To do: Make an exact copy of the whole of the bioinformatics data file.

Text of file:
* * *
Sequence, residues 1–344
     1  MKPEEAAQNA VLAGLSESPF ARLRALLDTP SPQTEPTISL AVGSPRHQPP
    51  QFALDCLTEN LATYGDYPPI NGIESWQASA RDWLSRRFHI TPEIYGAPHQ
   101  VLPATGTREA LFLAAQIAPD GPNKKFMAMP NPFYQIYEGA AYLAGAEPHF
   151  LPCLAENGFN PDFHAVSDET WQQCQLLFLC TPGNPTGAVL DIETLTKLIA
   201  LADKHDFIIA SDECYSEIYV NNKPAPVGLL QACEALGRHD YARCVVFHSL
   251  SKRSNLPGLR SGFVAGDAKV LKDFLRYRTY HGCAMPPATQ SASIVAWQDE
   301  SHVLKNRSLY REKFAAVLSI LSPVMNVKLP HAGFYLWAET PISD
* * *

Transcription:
Sequence, residues 1–344
     1  MKPEEAAQNA VLAGLSESPF ARLRALLDTP SPQTEPTISL AVGSPRHQPP
    51  QFALDCLTEN LATYGDYPPI NGIESWQASA RDWLSRRFHI TPEIYGAPHQ
   101  VLPATGTREA LFLAAQIAPD GPNKKFMAMP NPFYQIYEGA AYLAGAEPHF
   151  LPCLAENGFN PDFHAVSDET WQQCQLLFLC TPGNPTGAVL DIETLTKLIA
   201  LADKHDFIIA SDECYSEIYV NNKPAPVGLL QACEALGRHD YARCVVFHSL
   251  SKRSNLPGLR SGFVAGDAKV LKDFLRYRTY HGCAMPPATQ SASIVAWQDE
   301  SHVLKNRSLY REKFAAVLSI LSPVMNVKLP HAGFYLWAET PISD